Sunk costs are the investments that you’ve put into something that you can’t get back out. They are the years you spent training for a profession you hate, or waiting for your commitment-phobic boyfriend to propose. They are the thousands of dollars you spent on redecorating your living room, only to find that you hate living in it. Once you’ve realized that you probably won’t succeed, or that you are unhappy with the results, it shouldn’t matter how much time and effort you’ve already put into something. If your job or your boyfriend have taken up some of the best years of your life, it doesn’t make sense to let them use up the years you’ve got left. An ugly living room is an ugly living room, no matter how much money you spent making it so.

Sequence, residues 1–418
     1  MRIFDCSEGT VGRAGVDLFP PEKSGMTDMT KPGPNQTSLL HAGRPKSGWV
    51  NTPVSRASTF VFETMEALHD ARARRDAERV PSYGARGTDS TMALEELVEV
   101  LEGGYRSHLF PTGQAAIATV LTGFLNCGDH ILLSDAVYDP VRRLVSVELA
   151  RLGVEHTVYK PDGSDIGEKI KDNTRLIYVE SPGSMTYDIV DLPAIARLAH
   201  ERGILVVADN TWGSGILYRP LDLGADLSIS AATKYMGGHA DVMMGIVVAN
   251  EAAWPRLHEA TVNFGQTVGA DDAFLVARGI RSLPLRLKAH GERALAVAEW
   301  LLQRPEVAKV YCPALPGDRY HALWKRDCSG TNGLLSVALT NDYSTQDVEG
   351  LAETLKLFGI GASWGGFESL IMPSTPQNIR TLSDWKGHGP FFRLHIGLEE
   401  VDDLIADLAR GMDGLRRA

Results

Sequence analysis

As studies by behavioral economists like Daniel Kahnemen and Dan Ariely show, people are generally loss-averse. Putting in a lot, only to end up with nothing to show for it, is just too awful for most of us to seriously consider. The problem is one of focus. We worry far too much about what we’ll lose if we just move on, instead of focusing on the costs of not moving on: more wasted time and effort, more unhappiness, and more missed opportunities.